Targets and Budgets

Salespeople have their quota or their sales target. That's how they get evaluated. If he reaches his quota for the day, he's a successful salesperson (at least for the day).

Companies have their growth targets — in terms of revenues and in terms of customer base.

Auditing firms in the Philippines (which will always hold a special place in my heart because I came from one) tend to focus on getting more clients to reach their revenue targets even at the expense of the quality of their work and their staff members' motivations (and health). That's why it's difficult for them (and for clients) to differentiate themselves aside from their pricing. (I love auditing firms, by the way. I just think there's a better way to do the work they do. It just requires a lot of sacrifice, especially from the people at the top.)

Targets are really useful in evaluating performance. Budgets are useful in keeping expenses in check. I won't argue with that.

But, when we're working only towards reaching our targets or meeting our budgets, it disengages us from the work and the service that we do. It dehumanizes us. It dehumanizes organizations. It dehumanizes the very work that we do. This world, where almost everything is operated by an organization, is becoming less and less human. We choose efficiency over our humanity.

Right now, employees quit their jobs left and right because they feel disengaged with their work. Partly, passion. Partly, motivation. But mostly, because they cannot find meaning from the work that they do — meaning that can only come from being truly human, from being emotional (in a good way), and from being loving.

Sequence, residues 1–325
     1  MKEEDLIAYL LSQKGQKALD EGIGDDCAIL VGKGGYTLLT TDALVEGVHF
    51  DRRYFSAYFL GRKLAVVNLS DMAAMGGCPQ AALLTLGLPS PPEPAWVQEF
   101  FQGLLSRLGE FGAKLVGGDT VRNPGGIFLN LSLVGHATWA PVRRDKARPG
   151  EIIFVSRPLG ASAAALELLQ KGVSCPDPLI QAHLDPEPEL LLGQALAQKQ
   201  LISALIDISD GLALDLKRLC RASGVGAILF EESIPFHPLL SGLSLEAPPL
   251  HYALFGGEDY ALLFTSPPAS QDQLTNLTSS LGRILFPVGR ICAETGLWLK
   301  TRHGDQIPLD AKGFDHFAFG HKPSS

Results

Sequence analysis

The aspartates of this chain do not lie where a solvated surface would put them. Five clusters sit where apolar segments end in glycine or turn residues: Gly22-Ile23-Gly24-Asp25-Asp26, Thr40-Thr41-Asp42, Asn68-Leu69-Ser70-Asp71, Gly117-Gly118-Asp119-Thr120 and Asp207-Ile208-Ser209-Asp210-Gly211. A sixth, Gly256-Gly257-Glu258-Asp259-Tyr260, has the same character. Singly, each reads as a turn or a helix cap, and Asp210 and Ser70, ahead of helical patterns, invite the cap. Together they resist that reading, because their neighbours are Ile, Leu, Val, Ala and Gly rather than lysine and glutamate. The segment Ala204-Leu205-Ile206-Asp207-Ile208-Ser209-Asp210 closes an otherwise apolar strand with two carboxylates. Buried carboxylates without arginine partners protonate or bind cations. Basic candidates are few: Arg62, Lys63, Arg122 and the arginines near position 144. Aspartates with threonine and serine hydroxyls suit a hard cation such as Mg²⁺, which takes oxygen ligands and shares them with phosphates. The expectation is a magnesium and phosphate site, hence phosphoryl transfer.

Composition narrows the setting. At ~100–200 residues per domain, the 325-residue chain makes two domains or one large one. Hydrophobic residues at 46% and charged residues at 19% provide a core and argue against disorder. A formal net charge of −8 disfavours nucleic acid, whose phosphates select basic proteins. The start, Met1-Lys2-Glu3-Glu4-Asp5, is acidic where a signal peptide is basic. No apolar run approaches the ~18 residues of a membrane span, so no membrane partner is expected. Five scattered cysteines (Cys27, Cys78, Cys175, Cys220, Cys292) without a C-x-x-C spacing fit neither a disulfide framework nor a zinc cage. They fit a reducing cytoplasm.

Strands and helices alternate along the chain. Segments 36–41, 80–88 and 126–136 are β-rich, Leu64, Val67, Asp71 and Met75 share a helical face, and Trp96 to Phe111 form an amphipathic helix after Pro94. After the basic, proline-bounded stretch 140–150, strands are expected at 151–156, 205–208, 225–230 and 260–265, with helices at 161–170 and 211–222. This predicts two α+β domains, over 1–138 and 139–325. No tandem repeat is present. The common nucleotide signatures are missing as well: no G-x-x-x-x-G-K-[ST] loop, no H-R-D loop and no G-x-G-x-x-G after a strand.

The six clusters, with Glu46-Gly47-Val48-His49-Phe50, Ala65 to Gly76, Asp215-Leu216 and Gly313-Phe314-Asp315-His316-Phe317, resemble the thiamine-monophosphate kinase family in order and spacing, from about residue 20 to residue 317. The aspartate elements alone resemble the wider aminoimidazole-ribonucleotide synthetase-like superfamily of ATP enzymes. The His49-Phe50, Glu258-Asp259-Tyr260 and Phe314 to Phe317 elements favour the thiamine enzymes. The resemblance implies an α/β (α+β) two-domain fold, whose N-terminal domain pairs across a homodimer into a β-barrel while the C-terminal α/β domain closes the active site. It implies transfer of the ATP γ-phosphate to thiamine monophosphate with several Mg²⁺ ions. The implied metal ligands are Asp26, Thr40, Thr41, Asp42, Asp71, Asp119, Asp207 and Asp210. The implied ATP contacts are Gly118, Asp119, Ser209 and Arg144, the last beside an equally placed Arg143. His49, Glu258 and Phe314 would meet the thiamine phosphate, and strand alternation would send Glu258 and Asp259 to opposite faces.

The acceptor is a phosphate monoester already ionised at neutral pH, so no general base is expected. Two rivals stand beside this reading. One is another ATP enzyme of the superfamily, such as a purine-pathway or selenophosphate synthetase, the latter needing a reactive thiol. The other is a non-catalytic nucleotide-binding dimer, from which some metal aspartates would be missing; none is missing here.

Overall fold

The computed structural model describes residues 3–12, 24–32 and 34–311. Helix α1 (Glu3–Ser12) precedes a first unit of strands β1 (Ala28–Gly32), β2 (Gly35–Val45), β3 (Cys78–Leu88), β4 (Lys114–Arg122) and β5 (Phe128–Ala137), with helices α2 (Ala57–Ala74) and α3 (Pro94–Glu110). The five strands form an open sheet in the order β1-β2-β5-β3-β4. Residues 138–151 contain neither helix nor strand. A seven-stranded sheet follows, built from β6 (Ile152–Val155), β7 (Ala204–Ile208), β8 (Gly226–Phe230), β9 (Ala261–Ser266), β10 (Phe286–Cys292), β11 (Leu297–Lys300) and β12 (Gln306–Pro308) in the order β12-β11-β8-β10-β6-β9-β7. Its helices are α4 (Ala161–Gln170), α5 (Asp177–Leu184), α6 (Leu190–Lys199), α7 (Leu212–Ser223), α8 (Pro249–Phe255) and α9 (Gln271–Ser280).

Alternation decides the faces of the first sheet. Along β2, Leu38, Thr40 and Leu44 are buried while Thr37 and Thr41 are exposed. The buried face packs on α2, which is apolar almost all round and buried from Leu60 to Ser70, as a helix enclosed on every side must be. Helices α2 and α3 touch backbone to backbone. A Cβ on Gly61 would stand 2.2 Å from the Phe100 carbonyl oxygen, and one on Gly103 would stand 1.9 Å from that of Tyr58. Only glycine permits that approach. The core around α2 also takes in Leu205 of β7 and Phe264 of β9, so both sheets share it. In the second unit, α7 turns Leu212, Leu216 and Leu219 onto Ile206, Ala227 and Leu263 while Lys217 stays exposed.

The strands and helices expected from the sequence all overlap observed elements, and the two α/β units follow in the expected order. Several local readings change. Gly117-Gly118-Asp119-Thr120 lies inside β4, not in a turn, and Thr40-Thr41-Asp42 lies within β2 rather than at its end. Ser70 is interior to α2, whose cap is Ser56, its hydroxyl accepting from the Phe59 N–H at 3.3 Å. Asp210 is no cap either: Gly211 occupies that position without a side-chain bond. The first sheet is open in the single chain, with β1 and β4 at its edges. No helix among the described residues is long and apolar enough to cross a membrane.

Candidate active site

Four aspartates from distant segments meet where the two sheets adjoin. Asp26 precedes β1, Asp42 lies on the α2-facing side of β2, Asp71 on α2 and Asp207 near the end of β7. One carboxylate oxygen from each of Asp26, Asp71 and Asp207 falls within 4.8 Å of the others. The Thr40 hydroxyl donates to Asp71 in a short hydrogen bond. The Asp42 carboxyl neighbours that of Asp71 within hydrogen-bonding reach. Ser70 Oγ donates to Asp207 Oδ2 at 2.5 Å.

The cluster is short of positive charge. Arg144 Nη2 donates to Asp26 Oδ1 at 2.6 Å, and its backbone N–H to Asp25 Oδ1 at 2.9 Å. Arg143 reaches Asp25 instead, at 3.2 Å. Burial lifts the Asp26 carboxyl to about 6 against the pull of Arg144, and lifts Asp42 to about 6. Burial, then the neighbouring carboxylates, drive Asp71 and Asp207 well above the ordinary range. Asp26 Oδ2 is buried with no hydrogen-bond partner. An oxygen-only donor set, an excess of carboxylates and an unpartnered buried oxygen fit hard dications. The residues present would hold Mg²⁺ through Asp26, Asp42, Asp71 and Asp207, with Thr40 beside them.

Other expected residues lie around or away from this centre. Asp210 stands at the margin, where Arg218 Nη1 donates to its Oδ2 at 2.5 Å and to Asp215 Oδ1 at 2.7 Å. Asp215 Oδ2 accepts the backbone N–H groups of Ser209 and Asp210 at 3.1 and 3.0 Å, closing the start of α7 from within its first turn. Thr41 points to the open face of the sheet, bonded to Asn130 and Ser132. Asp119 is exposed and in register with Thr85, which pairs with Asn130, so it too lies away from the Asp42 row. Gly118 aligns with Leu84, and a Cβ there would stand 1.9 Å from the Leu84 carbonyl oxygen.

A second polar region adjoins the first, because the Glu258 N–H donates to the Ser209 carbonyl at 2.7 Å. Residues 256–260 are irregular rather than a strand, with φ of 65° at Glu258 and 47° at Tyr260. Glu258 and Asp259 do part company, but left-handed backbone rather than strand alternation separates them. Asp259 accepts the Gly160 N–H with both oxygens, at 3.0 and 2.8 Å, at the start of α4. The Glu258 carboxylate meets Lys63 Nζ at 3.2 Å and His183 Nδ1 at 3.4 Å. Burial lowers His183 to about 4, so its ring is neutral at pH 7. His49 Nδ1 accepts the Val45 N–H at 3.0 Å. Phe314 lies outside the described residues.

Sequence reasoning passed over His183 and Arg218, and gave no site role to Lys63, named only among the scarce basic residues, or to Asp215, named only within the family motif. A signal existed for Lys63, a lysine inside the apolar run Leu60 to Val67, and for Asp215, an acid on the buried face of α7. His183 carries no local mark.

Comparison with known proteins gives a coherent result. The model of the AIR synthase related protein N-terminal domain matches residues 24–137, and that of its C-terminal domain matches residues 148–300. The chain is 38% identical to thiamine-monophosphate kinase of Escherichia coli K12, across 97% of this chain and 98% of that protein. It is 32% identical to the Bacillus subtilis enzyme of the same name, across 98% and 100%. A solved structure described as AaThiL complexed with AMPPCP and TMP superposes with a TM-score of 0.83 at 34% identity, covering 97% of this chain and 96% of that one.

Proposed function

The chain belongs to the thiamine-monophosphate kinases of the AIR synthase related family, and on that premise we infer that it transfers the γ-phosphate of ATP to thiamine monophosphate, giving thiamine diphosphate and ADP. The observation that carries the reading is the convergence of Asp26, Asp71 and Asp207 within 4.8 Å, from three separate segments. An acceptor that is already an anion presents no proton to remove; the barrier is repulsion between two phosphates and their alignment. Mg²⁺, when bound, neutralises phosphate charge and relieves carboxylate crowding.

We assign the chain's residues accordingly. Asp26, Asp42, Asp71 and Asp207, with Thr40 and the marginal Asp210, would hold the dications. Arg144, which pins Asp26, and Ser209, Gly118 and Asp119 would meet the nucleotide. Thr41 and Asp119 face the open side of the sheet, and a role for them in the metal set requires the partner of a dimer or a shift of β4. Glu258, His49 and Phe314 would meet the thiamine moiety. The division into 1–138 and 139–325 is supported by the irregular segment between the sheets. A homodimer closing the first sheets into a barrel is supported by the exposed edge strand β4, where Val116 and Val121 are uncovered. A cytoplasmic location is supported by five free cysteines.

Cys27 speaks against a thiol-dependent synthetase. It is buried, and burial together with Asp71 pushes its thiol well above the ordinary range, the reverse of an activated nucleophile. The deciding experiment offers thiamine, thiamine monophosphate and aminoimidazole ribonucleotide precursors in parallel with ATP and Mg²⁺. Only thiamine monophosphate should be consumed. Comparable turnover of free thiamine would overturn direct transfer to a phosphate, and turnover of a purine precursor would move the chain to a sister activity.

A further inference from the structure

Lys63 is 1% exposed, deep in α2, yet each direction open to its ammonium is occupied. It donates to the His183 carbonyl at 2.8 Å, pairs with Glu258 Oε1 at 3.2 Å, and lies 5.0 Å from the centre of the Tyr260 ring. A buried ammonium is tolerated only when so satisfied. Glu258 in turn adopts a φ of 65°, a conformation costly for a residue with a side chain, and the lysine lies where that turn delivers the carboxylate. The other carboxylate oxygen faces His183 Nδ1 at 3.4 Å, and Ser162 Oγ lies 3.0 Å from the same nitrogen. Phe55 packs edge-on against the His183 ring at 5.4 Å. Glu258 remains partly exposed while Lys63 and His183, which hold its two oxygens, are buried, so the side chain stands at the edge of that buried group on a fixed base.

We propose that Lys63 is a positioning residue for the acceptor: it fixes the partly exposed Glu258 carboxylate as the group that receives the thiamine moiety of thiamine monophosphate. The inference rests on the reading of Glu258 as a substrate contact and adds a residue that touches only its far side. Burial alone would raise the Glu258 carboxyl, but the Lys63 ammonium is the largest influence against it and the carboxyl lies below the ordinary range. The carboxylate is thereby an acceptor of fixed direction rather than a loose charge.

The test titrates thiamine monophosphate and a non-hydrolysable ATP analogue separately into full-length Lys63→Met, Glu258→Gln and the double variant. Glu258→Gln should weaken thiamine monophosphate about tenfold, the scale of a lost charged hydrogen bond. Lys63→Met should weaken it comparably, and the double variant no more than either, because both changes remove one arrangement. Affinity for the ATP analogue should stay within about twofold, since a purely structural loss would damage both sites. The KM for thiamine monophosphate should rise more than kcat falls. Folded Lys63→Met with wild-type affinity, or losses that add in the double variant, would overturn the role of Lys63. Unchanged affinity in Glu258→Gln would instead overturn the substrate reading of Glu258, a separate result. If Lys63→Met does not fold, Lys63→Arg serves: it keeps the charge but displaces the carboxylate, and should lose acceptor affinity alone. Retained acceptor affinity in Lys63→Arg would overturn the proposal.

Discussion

Somehow, the more we climb the ladder, the more we deal with targets and budgets, the more we try to please our stockholders (who want more returns on their investments), and the more we become disengaged with our customers, our service, and real reason our companies exist.

Right now, we may not have the power to make immediate changes in the organizations we work with. But, later on, we'll be the ones at the top. Keep this in mind. Never forget. (But if you can create your own organization which is very human, much better. Probably.)

Don't work just to meet the numbers. Work to serve, to love.


[31 Day Challenge Update] As promised yesterday, I'm coming up with a new rule for this 31 Day Challenge. I got two great suggestions from the troublemakers in our tribe. First, Abby, a college friend of mine and co-founder of the Thousand Books Project (feel free to join their mission), suggested that I create a three point scorecard. Green is for the times I meet my main requirement which is waking up at exactly 4:30 AM. Red is for the times I wake up really late. Yellow is for the times I wake up just a tad later than 4:30 AM. If I get a yellow, I don't start all over again until I get a certain number of yellow scores. Pio, who keeps adding his valuable insights to the blog, suggested that I'll be forgiven if I wake up not later than 5 AM. He's giving me a grace period of 30 minutes. So, I'm combining these two. Green is for the times I wake up and get up (because they are two very different things) at exactly 4:30 AM. Yellow is for the times I get up before 5 AM. When I get a yellow, I don't immediately start all over again. But, if I get five yellow scores, I go back to Day 1. I get a red whenever I wake up later than 5 AM and I go back to Day 1 the following day. Thank you, Abby and Pio! Here's my update: Yesterday, I woke up at 5:05 AM so I'm back to Day 1 today. Today, I woke up at 4:30 AM and got up at 4:59 AM. Score: Yellow. No excuses. (Allowable yellow scores remaining: four)